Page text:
By Marilyn Kennedy Melia
March 13, 2009
 
You’ve finally reached someone at your mortgage company who has the
authority to change your loan terms and offer relief from the payments
you’ve been struggling to pay.

Congratulations.

If you’ve landed a second chance with your mortgage lender, you’ve
already accomplished more than the thousands of other homeowners, who
go straight into foreclosure.

Unfortunately, though, research shows that substantial numbers of
distressed homeowners who had their mortgages modified last year fell
behind on payments again.

Getting a mortgage "fixed" only to fail again is another sad twist
in this already heart-rending housing situation. But experts offer this
hope: As the crisis unfolds, the government and lending companies are
learning what works to give homeowners a bona fide second chance.
Moreover, experts say consumers can also use some strategies to help
negotiate realistic loan terms for themselves.

It’s really not surprising that homeowners thrown a lifeline drown
in debt quickly again, says Alan White, professor at Valparaiso
University School of Law.

White studied subprime and near-subprime loans modified in November
and found that in slightly more than half of the cases, the borrower’s
monthly payment remained the same — and in some instances increased —
from what it had previously been. Because late fees and missed payments
are tacked onto the loan amount and recalculated in new payments,
borrowers often don’t see a reduction in what they owe each month.

The new mortgage plan announced by the Obama administration Feb. 18
aims to keep monthly housing payments, which includes mortgage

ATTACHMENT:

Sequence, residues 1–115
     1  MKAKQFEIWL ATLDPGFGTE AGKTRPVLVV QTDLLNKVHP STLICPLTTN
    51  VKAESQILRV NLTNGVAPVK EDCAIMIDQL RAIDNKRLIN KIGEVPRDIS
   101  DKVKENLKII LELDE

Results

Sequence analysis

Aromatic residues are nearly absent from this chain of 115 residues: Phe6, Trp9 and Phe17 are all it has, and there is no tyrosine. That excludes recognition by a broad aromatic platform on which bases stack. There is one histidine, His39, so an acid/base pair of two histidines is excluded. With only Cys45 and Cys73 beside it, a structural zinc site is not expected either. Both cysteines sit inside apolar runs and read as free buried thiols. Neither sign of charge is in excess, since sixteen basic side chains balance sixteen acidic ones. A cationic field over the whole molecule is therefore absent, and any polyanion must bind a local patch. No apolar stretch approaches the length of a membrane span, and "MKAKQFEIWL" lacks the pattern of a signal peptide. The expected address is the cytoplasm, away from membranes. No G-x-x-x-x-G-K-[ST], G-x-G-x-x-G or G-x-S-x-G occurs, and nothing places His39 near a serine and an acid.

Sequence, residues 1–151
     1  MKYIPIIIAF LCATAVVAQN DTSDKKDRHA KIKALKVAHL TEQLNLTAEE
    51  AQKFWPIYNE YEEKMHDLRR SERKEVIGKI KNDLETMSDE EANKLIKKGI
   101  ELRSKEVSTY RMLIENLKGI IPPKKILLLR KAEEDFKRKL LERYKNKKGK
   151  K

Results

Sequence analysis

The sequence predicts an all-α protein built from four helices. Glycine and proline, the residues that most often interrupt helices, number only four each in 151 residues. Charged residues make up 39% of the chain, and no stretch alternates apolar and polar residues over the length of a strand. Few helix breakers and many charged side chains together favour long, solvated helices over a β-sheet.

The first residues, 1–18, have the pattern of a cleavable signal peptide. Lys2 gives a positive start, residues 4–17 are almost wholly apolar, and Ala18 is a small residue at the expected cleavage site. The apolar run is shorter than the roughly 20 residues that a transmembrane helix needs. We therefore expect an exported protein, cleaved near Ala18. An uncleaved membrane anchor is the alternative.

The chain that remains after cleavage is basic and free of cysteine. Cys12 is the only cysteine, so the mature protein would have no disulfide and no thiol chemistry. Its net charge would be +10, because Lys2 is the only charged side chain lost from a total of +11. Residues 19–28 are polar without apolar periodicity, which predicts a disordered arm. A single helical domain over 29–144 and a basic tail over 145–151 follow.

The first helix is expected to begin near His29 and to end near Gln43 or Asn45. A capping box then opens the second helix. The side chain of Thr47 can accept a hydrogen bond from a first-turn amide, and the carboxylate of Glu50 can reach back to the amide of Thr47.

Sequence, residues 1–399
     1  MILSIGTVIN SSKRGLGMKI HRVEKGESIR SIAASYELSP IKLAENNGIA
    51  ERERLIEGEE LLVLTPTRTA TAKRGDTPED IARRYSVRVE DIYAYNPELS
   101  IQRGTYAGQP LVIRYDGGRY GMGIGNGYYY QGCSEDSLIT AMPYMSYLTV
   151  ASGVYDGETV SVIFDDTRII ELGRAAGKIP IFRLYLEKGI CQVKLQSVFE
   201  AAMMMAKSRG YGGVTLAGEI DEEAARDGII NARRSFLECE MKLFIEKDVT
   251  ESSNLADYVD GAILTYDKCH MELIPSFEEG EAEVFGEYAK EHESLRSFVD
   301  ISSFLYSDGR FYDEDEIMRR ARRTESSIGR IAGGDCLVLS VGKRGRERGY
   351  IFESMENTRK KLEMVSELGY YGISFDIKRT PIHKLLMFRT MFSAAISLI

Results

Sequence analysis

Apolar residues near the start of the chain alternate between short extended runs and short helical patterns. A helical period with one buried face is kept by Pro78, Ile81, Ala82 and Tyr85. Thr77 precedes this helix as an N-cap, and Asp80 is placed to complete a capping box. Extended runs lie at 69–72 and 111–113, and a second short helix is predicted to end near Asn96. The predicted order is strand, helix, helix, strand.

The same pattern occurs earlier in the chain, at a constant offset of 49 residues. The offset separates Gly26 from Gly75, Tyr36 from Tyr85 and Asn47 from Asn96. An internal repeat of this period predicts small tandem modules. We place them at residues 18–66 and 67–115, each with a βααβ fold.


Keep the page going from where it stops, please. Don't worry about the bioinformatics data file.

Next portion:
principal and interest, the monthly property tax allotment and monthly
homeowner insurance, at 31 percent of the borrower’s pre-tax household
income.

That 31 percent allotment may become a benchmark in modifications,
regardless of whether a borrower receives a modification under the new
plan, says Geoff Smith, vice president of the Woodstock Institute, a
Chicago nonprofit that studies housing issues. "Hopefully, this will
make a difference," he says.

But mortgage payments even more modest than 31 percent of income
won’t work for many individual families, says Michael van Zalingen,
director of homeownership services at Neighborhood Housing Services of
Chicago. "A lot of the families we counsel are working-class, making
between $25,000 and $50,000 per household. Often, they are behind on
their mortgage payment even when that payment is just 25 percent of
their income," he says.

Some households simply have too little income and too big a
mortgage balance, adds Smith. Even if the interest rate or principal
owed were cut, payments would still be too high to pay comfortably.

The best tactic for borrowers looking for a modification they can
live with is to provide an accurate picture of their total expenses and
income, and even suggest a payment that they think they can live with,
White says.

 
 
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